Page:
With half of all children born to parents with learning difficulties being taken into care, a support group in south Gloucestershire has provided some lessons for staff also. Graham Hopkins reports
In Valuing People, the government recognises that parents with learning difficulties can be “can be good parents”, but “may require considerable help”. And yet, with about half of parents still having their children removed, it seems that help is falling considerably short.
A Social Services Inspectorate (now the Commission for Social Care Inspection) report in 2000, A Jigsaw of Services, highlighted shortfalls in the quality of planning and services for such parents, pointing out that their needs too often fell between adult and children’s services: something which the move toward more specialised adult and children’s services may exacerbate.
But in south Gloucestershire, the jigsaw is being pieced together. Vikki Jenkins, a chartered counselling psychologist with the adult learning disabilities service, says: “Historically, the debate over whether the needs of parents with disabilities should fall to the adult learning disability or child social services teams had caused confusion for social workers from both teams.
“So we met and thought how we could work more effectively together to support these parents and their children.”
Realising they were doubling up in terms of assessments and interventions and with parents saying they couldn’t get to grips with the usual parenting groups, the teams came up with the idea of running a specialised parenting group “for vulnerable mums”.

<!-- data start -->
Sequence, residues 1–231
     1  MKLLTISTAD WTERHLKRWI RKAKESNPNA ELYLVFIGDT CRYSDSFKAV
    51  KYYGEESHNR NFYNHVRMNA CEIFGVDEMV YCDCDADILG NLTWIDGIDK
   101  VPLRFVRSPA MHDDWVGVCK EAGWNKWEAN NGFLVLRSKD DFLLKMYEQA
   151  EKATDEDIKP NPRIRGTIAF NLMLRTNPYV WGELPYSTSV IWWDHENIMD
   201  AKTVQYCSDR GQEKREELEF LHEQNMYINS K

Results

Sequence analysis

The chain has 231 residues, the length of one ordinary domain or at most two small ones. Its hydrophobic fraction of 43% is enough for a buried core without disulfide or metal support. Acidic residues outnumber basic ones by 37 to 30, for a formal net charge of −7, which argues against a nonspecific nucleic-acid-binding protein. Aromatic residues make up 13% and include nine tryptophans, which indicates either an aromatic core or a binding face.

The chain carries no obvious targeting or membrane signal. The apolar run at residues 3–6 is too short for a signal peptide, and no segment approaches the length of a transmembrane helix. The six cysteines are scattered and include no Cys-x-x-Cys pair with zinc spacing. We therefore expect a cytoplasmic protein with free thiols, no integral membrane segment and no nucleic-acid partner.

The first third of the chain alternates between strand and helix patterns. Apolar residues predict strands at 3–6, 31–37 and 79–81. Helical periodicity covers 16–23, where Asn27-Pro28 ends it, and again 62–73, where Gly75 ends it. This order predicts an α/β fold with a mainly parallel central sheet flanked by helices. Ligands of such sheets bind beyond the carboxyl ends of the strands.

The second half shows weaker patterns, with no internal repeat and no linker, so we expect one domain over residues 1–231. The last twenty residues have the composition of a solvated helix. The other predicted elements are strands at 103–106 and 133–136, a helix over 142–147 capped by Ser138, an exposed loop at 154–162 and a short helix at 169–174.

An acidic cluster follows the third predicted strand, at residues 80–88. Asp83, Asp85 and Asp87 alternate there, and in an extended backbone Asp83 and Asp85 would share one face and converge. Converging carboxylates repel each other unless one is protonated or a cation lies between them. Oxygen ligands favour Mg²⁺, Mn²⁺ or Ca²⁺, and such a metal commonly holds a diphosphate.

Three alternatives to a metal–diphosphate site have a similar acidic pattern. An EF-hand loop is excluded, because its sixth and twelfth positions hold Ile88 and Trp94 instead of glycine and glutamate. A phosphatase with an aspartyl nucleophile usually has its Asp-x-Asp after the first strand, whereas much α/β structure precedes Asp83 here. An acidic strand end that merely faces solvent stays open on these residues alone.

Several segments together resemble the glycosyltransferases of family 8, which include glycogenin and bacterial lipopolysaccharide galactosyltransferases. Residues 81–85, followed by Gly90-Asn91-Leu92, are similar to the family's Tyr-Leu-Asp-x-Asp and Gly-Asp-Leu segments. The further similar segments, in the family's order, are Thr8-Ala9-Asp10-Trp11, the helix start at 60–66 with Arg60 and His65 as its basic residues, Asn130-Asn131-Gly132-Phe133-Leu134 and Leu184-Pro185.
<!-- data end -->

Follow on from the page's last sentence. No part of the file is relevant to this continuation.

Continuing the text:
Making use of the Parent Assessment Manual, developed by Sue McGraw and colleagues in Cornwall – “the gold standard of testing abilities of parents with learning difficulties” – the needs identified included building self-esteem, exploring social networks, ways for managing challenging situations with young infants, health and safety, hygiene, and food and nutrition.
The pilot group ran for three months, once a week with crche and transport provided. “Each topic was covered, with a related creative activity built in,” says Jenkins. “However, we have to say that the outcomes from the group were not quite what we expected when we started.”
The parents, it seemed, knew most of the things that they were taught; perhaps indicating a gap between what they know and what they can do. “But they benefited most from being in a group with other parents with learning difficulties: the peer support aspect,” says Jenkins.
Indeed, peer support probably motivated them to take part in the first place. “It is consistent with research findings,” she adds.
“One of the difficulties for these parents is that they are so socially isolated and one of the critical factors in parenting failure is a lack of support system.”
The group then became more informal so parents could lead the discussion. Says Jenkins: “Facilitators should be able to provide parenting skills knowledge if required, but know when to step back and let the group run itself.”
One parent, Tracey Vincent, whose first two sons had been removed, was confident that with support from the group she could now care for her new son Joshua. “It’s helped me a lot,” she says. “I’d been through a lot with my other two boys. I had them when I was quite young and didn’t know what I was doing. But I’m more mature now and I know what I’m doing. I really did enjoy meeting new people and wish more groups could be run. I no longer have social services with me anymore – I’m a better mum now and very happy.”
With emotional support a strong motivating factor, new members will need time to establish relationships so groups are set to run for six months rather than three. “We will also provide a facilitated drop-in group to run alongside the main group, so once the six months is over, there’ll still be something for these parents,” says Jenkins.
And for parents such as Tracey Vincent, that something is very valuable. cc